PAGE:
OTTAWA - The government''s failure to follow its own process to name Canada''s newest Supreme Court justice underlines the need for reform of the way appointments are made to the country''s top court, says one of Canada''s top court watchers.
Peter Russell, professor emeritus of political science at the University of Toronto and an expert in judicial
systems, says the appointment process has been changing from one government to the next in recent years with the procedure to be followed revealed in press releases posted on the federal justice department web site.
"That's not good enough," says Russell.
"That is what I call the stumblebum method. We're talking about the process of picking and choosing and selecting some of the most important people in Canadian government."
Others, like Eugene Meehan, one of Canada's top experts on the Supreme Court and chairman of the SCC practice group at Lang Michener LLP in Ottawa, say the initial procedure set up by the government is a good one and a "considered and careful compromise" between two opposing points of view on how justices should be appointed.
However, Meehan says the government did the right thing by overriding the process when a series of political events made it difficult to fill the vacancy on the bench in a timely fashion.
"Whether it was the right political thing to do is for others to decide. However, this prime minister put the court ahead of transient political partisanship and thereby demonstrated both juridical leadership and juristic statesmanship."
The controversy centres on the way in which Justice Thomas Cromwell was appointed to the Supreme Court late last month to replace Justice Michel Bastarache who stepped down last spring.
Cromwell, who was quietly sworn in last week in a private ceremony, has been widely praised as a good addition to Canada's top court. But the way in which the appointment process unfolded has raised more than a few eyebrows.
When Prime Minister Stephen Harper came to power, he announced plans to follow a more transparent process for appointments to the top court, including wider consultations and public questioning of nominees by MPs - a process that was followed with the government's first appointment of Manitoba native Marshall Rothstein.
In May, Justice Minister Rob Nicholson announced a three-step process to replace Bastarache, involving consultations, an all-party selection panel, and public hearings.
But in September, with the panelbogged down in procedural wrangling and a general election looming, the government short-circuited its own process and nominated Cromwell. On Dec. 22, after he had been forced to ask for the prorogation of Parliament, Harper announced Cromwell's appointment, even though the Nova Scotian jurist had not faced a public hearing.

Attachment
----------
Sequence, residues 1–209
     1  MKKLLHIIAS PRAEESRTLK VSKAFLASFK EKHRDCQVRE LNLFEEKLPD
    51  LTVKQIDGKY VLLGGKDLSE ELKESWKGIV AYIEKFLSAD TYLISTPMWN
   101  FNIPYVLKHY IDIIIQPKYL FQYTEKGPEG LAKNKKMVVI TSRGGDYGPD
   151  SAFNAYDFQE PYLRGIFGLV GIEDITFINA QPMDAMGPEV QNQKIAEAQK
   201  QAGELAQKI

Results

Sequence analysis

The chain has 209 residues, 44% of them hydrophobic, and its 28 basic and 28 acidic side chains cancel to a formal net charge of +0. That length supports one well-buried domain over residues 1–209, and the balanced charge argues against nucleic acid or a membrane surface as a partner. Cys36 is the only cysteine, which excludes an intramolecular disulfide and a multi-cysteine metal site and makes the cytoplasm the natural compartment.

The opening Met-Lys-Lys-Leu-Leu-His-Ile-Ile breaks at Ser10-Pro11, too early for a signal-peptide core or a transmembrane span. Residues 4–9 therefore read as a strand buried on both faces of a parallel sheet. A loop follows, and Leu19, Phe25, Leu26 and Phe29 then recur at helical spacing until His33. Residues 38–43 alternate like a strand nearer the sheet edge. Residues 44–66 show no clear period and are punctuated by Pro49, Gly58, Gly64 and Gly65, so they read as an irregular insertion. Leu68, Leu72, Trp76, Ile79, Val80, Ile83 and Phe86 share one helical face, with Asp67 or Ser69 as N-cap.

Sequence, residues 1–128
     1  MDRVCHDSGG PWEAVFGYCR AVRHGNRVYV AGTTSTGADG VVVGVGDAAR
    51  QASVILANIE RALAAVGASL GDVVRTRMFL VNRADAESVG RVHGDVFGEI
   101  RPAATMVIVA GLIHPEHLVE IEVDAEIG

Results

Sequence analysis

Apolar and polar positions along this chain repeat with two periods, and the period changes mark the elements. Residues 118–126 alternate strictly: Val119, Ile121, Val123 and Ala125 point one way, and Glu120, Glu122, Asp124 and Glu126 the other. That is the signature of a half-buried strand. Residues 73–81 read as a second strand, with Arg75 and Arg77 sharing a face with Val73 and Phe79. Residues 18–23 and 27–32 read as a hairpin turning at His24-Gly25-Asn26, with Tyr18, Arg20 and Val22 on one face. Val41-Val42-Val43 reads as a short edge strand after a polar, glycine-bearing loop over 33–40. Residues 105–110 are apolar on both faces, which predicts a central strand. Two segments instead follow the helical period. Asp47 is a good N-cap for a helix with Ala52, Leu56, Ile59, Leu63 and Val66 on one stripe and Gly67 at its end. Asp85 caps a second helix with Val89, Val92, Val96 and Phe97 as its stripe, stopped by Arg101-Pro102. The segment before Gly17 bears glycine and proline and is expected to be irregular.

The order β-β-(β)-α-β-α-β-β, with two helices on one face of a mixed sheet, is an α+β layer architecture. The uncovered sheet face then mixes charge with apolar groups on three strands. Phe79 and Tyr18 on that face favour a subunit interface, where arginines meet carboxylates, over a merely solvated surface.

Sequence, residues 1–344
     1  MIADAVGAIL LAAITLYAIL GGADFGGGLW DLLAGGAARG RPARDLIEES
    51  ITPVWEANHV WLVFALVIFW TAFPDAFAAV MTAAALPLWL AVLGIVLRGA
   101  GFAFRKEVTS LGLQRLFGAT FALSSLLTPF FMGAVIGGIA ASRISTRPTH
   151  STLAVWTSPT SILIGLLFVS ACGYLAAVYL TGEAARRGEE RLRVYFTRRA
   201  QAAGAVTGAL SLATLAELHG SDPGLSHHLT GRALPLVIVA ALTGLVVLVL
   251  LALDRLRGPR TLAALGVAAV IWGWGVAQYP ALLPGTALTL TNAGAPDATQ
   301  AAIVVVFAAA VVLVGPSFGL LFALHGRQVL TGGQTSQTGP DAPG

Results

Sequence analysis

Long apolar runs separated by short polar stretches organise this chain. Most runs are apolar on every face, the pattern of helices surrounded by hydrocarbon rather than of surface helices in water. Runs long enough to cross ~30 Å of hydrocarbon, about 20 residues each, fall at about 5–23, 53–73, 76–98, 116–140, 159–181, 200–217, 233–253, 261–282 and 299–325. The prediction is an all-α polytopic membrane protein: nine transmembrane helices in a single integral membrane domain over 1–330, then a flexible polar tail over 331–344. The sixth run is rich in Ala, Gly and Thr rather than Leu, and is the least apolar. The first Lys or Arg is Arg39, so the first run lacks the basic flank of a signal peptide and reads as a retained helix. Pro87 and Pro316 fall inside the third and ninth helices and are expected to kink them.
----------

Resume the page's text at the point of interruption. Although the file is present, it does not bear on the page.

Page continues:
Harper cited the urgency of filling the seat on the bench that had been vacant for eight months and pledged to return to his appointment mechanism in the future.
Russell says the appointment process is badly in need of reform and Canada should move quickly to draft a new system. The traditional procedure, where the government selection process takes place entirely behind closed doors, leaves the government in a conflict-of-interest situation, says Russell.
The government chooses a justice who will then be called upon to hear important constitutional cases in which the government itself is often a party.
Russell prefers South Africa's process where leading candidates for the top court go through a public interview with an advisory committee.
Unlike the Parliamentary committee hearing process set up by the Harper government, which Russell describes as a "charade," South Africa's advisory committee is composed of a wider range of people and the proceedings are presided over by the country's chief justice, he says.
Roderick Macdonald, a law professor at McGill University and former president of the Law Commission of Canada, agrees that hearings before a Parliamentary committee aren't an essential step in naming Supreme Court justices.
"It's a public relations exercise," he says bluntly.
By the time a name even makes it to the prime minister's desk, the nominee has been thoroughly examined by the provincial screening committee and the government's own internal vetting process, pointed out Macdonald who went through a screening process when he was named to the law commission.
Meanwhile, Guy Joubert, president of the Canadian Bar Association, welcomes Cromwell's appointment, saying he is an excellent choice for the job.
"As far as what happened in this round, that's a debate we'll leave for the politicians."
Joubert says the CBA would like to see a transparent, non-partisan process for appointments to the Supreme Court and a publicly available protocol.
Adam Dodek, a professor of public and constitutional law at the University of Ottawa and Law Times columnist, says the ad hoc
nature and 180-degree turn by the government on the appointments process is more a political issue than a legal one.
Reforming the appointments process isn't a priority right now for either the government or the public, he adds.
"I think that the reform of the Supreme Court judicial appointments process is very much up in the air. I don't think it's a political priority for any of the parties and frankly for the Canadian people as well. Especially in these economic times, I just don't think it is something that any group is really going to push."